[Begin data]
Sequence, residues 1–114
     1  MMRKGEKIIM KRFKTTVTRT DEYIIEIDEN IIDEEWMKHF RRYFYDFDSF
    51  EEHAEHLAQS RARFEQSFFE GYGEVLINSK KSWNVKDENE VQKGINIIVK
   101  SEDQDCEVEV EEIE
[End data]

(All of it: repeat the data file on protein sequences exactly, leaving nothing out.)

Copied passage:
Sequence, residues 1–114
     1  MMRKGEKIIM KRFKTTVTRT DEYIIEIDEN IIDEEWMKHF RRYFYDFDSF
    51  EEHAEHLAQS RARFEQSFFE GYGEVLINSK KSWNVKDENE VQKGINIIVK
   101  SEDQDCEVEV EEIE